White leaf TeaWhite leaf Tea Low White leaf tea is known for its delicate and subtle flavors. The caffeine content can vary depending on the specific white tea variety, growing conditions, and processing methods. White tea is appreciated for its gentle and light qualities, making it a popular choice for those seeking a milder tea experience or those more sensitive to caffeine as it has the most sustained release of caffeine into the blood stream.

Related read: How to Taste Tea: An Introduction

Myths and Facts about Caffeine in Teas!

Discover the truth behind common myths and facts surrounding the caffeine content in teas. Let's separate fact from fiction and unravel the mysteries of caffeine in teas.

Myth

Fact

All chai (tea) contains the same amount of caffeine.

Caffeine content varies between different types of tea and the release of caffeine into the bloodstream is dependent on its oxidation process.

Black tea has more caffeine than green tea.

Black tea has a higher rate of caffeine absorption into the bloodstream when consumed so it is a faster stimulant.

Herbal teas are caffeine-free.

Some herbal teas may contain caffeine, such as Yerba Mate.

Steeping tea longer removes more caffeine.

Steeping tea longer does not significantly reduce caffeine.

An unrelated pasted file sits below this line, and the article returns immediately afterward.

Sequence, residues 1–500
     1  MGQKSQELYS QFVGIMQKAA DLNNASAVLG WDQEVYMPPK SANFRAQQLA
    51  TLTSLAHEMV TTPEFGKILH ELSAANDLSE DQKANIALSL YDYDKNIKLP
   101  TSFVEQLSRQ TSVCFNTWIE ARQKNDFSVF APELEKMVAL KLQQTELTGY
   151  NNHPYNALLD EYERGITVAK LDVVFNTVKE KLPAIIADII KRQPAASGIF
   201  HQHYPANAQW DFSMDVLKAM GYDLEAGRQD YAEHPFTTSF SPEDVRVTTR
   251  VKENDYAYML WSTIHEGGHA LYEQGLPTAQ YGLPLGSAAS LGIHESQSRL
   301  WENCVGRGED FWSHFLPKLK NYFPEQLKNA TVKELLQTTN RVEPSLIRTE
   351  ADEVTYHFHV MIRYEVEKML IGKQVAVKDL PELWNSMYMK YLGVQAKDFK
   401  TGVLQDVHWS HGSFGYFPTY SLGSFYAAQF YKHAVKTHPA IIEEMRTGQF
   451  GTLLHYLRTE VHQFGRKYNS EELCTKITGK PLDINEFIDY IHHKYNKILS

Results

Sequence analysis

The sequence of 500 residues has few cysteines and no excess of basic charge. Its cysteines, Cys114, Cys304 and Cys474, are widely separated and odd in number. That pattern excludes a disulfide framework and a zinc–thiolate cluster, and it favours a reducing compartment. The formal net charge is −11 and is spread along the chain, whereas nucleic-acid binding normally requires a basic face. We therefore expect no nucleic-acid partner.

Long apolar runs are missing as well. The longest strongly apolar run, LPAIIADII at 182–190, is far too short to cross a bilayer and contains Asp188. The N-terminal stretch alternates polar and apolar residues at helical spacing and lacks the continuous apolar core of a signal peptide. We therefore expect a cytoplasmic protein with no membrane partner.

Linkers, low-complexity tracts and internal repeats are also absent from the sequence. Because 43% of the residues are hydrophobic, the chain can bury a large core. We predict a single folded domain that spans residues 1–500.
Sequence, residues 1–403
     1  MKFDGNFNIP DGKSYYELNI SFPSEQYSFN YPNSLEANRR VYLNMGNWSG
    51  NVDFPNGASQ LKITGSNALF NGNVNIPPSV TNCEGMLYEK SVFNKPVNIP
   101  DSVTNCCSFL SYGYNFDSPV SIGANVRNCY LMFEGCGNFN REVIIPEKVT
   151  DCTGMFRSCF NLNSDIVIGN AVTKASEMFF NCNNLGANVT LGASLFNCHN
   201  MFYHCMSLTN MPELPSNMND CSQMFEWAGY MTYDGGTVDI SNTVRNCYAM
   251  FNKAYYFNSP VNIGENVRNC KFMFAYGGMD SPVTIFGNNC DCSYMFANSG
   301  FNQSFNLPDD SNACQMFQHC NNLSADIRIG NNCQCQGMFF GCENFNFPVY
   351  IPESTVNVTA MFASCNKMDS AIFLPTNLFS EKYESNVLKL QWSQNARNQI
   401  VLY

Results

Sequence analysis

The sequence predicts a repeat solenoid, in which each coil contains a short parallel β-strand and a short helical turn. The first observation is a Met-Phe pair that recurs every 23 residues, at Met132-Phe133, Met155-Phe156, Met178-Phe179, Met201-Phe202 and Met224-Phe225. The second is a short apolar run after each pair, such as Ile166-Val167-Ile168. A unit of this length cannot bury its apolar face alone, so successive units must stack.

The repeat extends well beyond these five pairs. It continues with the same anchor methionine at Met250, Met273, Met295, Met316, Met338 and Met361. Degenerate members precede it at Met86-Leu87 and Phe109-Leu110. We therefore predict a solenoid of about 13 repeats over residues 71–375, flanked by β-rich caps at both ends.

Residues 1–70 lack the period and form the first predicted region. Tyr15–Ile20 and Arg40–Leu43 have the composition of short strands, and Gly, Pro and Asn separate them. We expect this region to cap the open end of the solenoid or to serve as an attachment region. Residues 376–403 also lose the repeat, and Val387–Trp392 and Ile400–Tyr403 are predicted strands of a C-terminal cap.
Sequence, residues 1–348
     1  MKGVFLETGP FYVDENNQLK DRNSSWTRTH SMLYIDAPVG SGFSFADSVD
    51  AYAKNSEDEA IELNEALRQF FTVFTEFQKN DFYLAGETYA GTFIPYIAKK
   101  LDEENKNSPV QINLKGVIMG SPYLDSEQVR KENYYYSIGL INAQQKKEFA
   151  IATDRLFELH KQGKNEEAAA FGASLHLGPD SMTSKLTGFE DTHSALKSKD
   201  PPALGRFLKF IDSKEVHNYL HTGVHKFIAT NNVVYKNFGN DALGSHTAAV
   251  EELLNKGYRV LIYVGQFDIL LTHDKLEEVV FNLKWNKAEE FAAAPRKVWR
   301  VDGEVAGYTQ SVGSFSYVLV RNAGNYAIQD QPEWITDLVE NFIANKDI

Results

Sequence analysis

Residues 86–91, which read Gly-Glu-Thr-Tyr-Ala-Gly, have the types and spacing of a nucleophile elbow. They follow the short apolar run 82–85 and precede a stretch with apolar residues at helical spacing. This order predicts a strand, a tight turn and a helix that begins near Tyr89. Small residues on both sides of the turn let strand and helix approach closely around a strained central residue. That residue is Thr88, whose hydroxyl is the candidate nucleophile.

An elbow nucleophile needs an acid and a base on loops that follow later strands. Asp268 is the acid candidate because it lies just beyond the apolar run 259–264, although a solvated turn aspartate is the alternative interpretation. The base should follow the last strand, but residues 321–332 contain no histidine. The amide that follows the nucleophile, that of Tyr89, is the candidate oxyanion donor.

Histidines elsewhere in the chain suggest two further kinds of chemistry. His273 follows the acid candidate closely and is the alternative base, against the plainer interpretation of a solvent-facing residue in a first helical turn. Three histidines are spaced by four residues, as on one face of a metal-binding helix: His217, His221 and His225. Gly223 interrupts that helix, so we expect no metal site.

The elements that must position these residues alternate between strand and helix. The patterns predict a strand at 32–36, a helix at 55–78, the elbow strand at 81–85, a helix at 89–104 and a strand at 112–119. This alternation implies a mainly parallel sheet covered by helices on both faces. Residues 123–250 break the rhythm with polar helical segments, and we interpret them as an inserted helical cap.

Decaffeinated tea is completely caffeine-free.

Decaffeinated tea still contains trace amounts of caffeine.

Caffeine in tea causes dehydration.

Tea consumption does not lead to dehydration. In fact it is hydrating. 

Caffeine in tea provides an immediate energy boost.

Caffeine in tea provides a more gradual and sustained energy.

Caffeine in tea affects everyone the same way.

Sensitivity to caffeine varies among individuals.

Now you have a better understanding of caffeine in tea, hopefully you can decide what tea and steeping technique is best for you to get the optimal caffeine levels you desire. Here at Herbs and Kettles we have a variety of teas that we source only the highest quality, farm direct Indian teas from producers who put their heart and soul into their product.

Check out our caffeine-free teas today!